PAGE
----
First, the Rohingya problem is related, most importantly, with the question of identity. If we want to identify Rohingya, there will be a question: “who are Rohing people? Are they Burmese, or belong to other nationals? Myanmar’s citizen act has ironically denied Rohing as one of their citizen, thus excluding the Rohing people out from Myanmar. However, they are also unable to be identified as Bangladeshi, for example, because they have inhabited the Burmese land since hundreds years ago, even before the British colonial age.

Thus, the main problems facing Rohing people now is the identity problem –the exclusion of Rohing from the existing Westphalian political order. This should be addressed more critically by International Relations scholars.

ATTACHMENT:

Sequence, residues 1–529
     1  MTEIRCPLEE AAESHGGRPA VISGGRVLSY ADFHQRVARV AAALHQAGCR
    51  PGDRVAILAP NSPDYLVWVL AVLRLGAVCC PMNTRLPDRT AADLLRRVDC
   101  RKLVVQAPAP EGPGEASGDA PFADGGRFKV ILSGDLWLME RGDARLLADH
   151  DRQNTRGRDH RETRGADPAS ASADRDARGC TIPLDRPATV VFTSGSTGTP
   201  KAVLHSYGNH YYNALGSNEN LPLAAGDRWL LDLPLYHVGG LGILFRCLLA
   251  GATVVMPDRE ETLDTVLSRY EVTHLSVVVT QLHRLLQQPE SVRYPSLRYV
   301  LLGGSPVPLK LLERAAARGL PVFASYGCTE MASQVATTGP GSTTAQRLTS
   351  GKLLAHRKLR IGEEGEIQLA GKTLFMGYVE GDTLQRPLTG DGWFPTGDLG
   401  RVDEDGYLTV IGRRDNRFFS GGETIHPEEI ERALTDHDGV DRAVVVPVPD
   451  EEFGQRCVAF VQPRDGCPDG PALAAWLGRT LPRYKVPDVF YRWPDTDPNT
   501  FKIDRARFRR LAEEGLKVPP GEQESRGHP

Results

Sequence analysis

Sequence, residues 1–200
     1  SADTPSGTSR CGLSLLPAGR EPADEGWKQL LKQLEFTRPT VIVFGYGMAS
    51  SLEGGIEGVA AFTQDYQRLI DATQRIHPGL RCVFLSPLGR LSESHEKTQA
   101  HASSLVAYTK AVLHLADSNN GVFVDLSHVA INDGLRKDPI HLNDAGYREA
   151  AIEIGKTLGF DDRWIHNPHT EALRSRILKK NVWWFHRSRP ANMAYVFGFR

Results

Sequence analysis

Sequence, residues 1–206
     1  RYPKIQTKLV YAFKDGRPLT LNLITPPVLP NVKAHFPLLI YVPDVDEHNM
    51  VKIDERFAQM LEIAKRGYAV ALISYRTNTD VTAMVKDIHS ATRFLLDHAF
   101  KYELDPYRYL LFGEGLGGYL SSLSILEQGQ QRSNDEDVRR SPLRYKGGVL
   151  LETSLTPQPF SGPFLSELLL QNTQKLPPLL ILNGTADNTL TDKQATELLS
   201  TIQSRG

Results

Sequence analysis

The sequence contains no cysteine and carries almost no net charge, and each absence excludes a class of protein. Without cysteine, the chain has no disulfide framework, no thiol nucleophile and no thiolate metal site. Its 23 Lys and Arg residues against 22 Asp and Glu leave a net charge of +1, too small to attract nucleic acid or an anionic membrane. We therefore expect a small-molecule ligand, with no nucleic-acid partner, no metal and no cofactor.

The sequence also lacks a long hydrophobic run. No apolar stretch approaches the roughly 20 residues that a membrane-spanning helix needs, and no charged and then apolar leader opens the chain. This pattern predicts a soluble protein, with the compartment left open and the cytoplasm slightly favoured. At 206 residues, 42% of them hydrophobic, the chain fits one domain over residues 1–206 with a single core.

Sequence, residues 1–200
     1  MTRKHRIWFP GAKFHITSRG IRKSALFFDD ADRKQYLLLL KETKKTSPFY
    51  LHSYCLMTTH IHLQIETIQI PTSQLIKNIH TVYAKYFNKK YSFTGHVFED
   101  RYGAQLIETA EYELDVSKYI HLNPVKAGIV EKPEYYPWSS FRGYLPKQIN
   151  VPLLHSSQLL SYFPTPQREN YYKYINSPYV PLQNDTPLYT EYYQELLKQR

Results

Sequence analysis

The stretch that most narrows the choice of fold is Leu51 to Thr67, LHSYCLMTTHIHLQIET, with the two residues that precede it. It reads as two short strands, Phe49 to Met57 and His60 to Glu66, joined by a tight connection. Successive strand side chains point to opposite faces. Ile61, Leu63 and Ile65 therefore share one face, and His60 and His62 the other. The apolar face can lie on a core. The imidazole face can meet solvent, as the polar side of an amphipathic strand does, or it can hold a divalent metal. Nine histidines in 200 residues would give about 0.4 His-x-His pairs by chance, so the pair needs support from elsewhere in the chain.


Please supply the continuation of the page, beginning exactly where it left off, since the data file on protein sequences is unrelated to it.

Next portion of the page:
Second, the Rohingya problem is also closely related to the political authoritarianism in Myanmar who uses its political apparatuses to repress the Rohings and exile them out from the state. Even though the authoritarian government has been much more softened within these years, the Rohingya problem is still untouchable. According to Ahmad Suaedy, one of Indonesian activist who declared his support to minority groups in ASEAN People’s Forum 2014, any attempts to discuss the Rohingya problem was cut by the local Monk. Even the government stopped any attempts to discuss this issue at ASEAN meeting. Therefore, any attempts to find a political solution to Rohingya problem have been constrained by the authoritarian regime in Myanmar.